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HEATING IMAGING MEMBER WITH MAGNETIC OR ELECTRICAL INDUCTANCE

IP.com Disclosure Number: IPCOM000131766D
Publication Date: 2005-Nov-17
Document File: 1 page(s) / 21K

Publishing Venue

The IP.com Prior Art Database

Abstract

As a cost reduction measure for certain color printers, it is proposed that the environmental control system (ECS) be removed. One way to gain back some of that control, is by heating the imaging member. If inductive heating were used to only heat the imaging member, many of these issues could be eliminated.

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HEATING IMAGING MEMBER WITH MAGNETIC OR ELECTRICAL INDUCTANCE

As a cost reduction measure for certain color printers, it is proposed that the environmental control system (ECS) be removed.  However, in a printer employing an electrographic process, by removing the ECS, control of the environment around an imaging member on a metal (nickel) substrate is lost.  One way to gain back some of that control, is by heating the imaging member.  Since the imaging member, in certain printers, is mounted on a large metallic mandrel, one would have to provide a lot of energy to heat this mandrel, if it were to be heated from the inside to the outside.  Not only would it take a lot of energy, it would take a lot of time to vary the temperature if it were desired to tie the imaging member temperature with external relative humidity (RH).  Heating the mandrel would also include moving electrical contacts since the mandrel is rotating during the process.  If inductive heating were used to only heat the imaging member, many of these issues could be eliminated.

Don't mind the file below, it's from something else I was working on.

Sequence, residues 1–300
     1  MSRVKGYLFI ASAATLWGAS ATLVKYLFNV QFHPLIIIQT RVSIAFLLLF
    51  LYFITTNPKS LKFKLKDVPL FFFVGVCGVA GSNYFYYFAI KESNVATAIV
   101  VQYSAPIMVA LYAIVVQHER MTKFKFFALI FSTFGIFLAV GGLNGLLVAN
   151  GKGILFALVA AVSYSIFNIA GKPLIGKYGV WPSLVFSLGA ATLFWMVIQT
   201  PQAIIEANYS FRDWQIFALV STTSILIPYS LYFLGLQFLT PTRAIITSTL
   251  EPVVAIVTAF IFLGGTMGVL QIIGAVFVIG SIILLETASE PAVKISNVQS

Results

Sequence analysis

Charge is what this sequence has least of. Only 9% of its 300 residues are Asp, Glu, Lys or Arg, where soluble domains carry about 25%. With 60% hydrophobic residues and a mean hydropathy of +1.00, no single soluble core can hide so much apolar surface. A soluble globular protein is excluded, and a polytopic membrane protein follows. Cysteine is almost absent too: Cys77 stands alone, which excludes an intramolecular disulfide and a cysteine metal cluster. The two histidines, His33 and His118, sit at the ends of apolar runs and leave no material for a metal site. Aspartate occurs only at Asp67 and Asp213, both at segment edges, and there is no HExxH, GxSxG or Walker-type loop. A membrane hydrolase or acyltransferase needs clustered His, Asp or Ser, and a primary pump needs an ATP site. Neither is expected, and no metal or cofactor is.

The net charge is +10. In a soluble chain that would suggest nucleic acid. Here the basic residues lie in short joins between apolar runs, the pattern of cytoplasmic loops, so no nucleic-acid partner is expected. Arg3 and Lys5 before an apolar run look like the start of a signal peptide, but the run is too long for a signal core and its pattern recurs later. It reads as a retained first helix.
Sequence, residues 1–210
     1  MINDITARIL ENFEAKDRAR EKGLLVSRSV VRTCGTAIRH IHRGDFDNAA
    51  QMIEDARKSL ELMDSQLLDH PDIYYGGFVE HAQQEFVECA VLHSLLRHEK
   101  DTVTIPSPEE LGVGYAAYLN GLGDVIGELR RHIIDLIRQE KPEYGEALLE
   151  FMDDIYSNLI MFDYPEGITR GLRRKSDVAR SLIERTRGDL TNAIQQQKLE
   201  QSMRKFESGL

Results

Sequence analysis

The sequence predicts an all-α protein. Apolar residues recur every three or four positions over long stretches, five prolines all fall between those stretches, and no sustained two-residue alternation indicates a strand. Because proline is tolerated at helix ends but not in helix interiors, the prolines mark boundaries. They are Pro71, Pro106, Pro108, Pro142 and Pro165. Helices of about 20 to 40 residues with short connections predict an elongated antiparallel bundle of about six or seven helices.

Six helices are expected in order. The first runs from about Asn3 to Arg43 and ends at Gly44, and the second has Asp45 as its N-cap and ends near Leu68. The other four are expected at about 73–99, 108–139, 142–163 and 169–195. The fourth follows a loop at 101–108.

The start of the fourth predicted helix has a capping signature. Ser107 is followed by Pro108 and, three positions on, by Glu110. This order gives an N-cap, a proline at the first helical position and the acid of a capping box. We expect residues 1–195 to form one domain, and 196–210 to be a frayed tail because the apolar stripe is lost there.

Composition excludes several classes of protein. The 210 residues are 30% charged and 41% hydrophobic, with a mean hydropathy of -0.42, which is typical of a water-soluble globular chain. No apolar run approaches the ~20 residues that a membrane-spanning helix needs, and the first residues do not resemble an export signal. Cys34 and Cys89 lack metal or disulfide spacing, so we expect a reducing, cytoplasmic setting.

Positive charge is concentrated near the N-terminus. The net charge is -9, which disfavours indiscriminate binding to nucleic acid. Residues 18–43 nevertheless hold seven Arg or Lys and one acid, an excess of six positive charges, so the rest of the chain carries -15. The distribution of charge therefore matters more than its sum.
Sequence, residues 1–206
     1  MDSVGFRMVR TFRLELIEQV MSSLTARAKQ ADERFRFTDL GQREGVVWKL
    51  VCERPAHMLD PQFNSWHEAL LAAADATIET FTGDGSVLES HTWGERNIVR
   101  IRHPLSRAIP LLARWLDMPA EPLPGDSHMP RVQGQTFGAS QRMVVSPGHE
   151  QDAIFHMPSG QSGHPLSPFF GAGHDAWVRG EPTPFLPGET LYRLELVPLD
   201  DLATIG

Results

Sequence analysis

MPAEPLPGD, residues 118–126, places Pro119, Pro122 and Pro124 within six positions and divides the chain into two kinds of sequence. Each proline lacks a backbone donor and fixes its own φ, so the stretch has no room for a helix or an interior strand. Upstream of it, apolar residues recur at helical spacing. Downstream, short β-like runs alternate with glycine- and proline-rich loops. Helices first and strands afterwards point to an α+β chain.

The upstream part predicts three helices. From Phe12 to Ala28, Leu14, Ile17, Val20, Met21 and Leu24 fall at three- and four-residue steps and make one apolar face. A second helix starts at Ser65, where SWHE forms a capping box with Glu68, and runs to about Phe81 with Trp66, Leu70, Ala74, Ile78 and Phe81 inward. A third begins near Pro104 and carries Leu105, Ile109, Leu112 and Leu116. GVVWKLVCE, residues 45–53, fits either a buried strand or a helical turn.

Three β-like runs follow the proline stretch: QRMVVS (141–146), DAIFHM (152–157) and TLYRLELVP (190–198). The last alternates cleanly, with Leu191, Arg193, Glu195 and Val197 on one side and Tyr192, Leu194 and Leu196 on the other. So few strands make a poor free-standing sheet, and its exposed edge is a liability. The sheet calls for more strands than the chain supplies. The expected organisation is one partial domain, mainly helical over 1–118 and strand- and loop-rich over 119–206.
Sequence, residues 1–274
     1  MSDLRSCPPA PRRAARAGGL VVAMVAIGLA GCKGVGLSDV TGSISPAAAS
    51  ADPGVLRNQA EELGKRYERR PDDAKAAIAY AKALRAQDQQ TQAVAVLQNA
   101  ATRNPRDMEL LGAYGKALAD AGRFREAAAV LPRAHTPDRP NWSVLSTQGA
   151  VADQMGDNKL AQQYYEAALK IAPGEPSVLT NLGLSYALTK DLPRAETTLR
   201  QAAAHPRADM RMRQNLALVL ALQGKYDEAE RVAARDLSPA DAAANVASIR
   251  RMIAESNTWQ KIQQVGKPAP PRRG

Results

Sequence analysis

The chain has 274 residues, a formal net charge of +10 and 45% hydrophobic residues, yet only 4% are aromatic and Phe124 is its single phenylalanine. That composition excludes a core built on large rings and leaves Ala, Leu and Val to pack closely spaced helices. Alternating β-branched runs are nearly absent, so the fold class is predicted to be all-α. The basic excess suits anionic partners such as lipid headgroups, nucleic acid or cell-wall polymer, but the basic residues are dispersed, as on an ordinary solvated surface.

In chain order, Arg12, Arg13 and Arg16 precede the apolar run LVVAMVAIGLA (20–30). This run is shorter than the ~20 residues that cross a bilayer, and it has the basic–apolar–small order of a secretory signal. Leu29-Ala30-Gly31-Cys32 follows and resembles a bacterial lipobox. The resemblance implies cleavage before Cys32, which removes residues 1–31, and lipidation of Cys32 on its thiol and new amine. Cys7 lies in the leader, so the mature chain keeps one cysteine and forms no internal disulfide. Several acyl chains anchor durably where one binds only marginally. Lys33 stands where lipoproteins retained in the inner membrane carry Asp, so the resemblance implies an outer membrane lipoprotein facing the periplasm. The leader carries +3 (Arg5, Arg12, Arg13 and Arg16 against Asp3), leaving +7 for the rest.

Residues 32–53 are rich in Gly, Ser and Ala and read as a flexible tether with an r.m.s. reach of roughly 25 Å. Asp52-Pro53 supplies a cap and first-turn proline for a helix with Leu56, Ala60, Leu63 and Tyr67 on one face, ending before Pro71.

It is therefore proposed to provide a heating system for the imaging member, which would be based on inductive coupling of the imaging member nickel substrate.  One such arrangement would include a bar located near the imaging member surface running cross-track to the imaging member rotation.  In this bar could be rotating permanent magnets or an array of electromagnets.  The alternating magnetic field from these magnets would...